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When sending emails to ordinary domains like @google.com or @hotmail.com, my code works properly.

But, when I try to send an email to the domain that I own (let's say example.com), which server is set up I'm getting error code 67 from mail command.

I'm using mail() function of PHP but I've also tried "mail -stest kubilayeksioglu@example.com" and it returns the same error, so it should not be related with the code itself.

Here's a portion of mail that I receive in /var/mail/root

Final-Recipient: RFC822; kubilayeksioglu@example.com

Action: failed

Status: 5.1.1 Remote-MTA: DNS; []

Diagnostic-Code: SMTP; 550 5.1.1 ... User unknown

Last-Attempt-Date: Wed, 21 Sep 2011 17:43:59 GMT

I guess I should also add that, our domain example.com is using Google Apps.

Can anyone give me an idea about how can I fix that?

Edit: Thanks everyone. I've fixed the problem using answer at: http://serverfault.com/questions/65365/disable-local-delivery-in-sendmail/128450#128450

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closed as off topic by Adam Batkin, derobert, Kev Sep 23 '11 at 23:21

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Do you have a real kubilayeksioglu account on your server? It can either be a real physical account, or something like an aliases mapping... but in some way, it has to exist. – Marc B Sep 21 '11 at 18:17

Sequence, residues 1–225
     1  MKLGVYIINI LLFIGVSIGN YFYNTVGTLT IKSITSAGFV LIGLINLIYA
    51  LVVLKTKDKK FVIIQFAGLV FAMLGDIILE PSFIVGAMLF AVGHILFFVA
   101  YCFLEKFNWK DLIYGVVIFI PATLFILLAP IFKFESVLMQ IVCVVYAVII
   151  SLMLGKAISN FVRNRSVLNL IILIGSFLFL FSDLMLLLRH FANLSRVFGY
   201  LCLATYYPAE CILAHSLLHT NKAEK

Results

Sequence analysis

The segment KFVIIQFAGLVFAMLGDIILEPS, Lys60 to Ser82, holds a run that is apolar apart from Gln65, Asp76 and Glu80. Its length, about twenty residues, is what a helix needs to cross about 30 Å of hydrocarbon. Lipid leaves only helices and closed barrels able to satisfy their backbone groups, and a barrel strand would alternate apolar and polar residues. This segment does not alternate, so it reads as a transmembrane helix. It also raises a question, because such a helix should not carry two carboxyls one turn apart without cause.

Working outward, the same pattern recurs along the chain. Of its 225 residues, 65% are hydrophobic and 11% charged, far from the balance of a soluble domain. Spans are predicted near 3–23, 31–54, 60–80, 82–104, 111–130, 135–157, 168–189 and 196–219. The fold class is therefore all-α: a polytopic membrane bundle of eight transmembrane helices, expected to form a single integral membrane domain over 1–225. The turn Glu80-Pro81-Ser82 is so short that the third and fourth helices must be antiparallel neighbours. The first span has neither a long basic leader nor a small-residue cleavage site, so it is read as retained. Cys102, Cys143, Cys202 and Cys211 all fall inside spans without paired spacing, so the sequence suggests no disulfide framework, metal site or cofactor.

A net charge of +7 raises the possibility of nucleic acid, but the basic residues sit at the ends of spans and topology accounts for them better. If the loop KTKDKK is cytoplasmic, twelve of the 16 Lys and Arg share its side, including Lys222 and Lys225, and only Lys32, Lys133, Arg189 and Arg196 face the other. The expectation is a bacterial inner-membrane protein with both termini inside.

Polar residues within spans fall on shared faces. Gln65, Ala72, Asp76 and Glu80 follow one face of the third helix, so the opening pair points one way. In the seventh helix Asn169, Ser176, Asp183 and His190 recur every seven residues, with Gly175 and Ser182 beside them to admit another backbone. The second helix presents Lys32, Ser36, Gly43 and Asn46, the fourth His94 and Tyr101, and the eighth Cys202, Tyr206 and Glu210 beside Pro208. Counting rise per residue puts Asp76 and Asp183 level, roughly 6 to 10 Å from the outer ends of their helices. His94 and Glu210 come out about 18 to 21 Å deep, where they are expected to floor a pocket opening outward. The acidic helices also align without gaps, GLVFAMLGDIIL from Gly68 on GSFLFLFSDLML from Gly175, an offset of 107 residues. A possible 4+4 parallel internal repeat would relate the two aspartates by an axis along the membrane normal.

Yes, I do. But the problem is I have that account in Gmail apps, and not in local server. Why it does not use provided MX records and trying to send it to localhost? Any ideas? – kubilayeksioglu Sep 21 '11 at 18:27
If the mail server's been told that it's responsible for example.com's mail, it'll actively receive mail and try to deliver it to the specified account. You may have to configure it as a relay server for that domain, so it'll forward any email for an @example.com address to the Google servers. – Marc B Sep 21 '11 at 19:23

The problem is most likely that your server's hostname is set to the domain name where you're trying to send the e-mail.

The line: Status: 5.1.1 Remote-MTA: DNS; [] (more specifically the indicates that the message was delivered to the local SMTP server. Since that's not the Gmail server, that would have resulted in a User Unknown error such as the one you received.

To fix the issue, have a look at the server's hostname (/etc/hostname). Also check your sendmail (or it's replacement) configuration. Some files you can look at include (but not limited to):

  • /etc/mail/local-host-names
  • /etc/mailname

Again, some mailers such as Postfix have some settings in their configuration files. Find where the domain you're trying to send to (e.g. example.com) is in those files, remove the references, restart the mailer deamon (e.g. sendmail) and you should be good to go.

share|improve this answer
Hi Francois. /etc/mailname is empty, so there's not much to do about that file. /etc/mail/local-host-names have 'localhost' and the name of my server. In /etc/hostname there's my domain name, but I think it might be used in some other places. Is it safe to remove it just like that? – kubilayeksioglu Sep 21 '11 at 18:24
@kubilayeksioglu - You don't want to remove the hostname. You'll want to pick a new one. See http://www.ducea.com/2006/08/07/how-to-change-the-hostname-of-a-linux-system/ for some help. – Francois Deschenes Sep 21 '11 at 18:47

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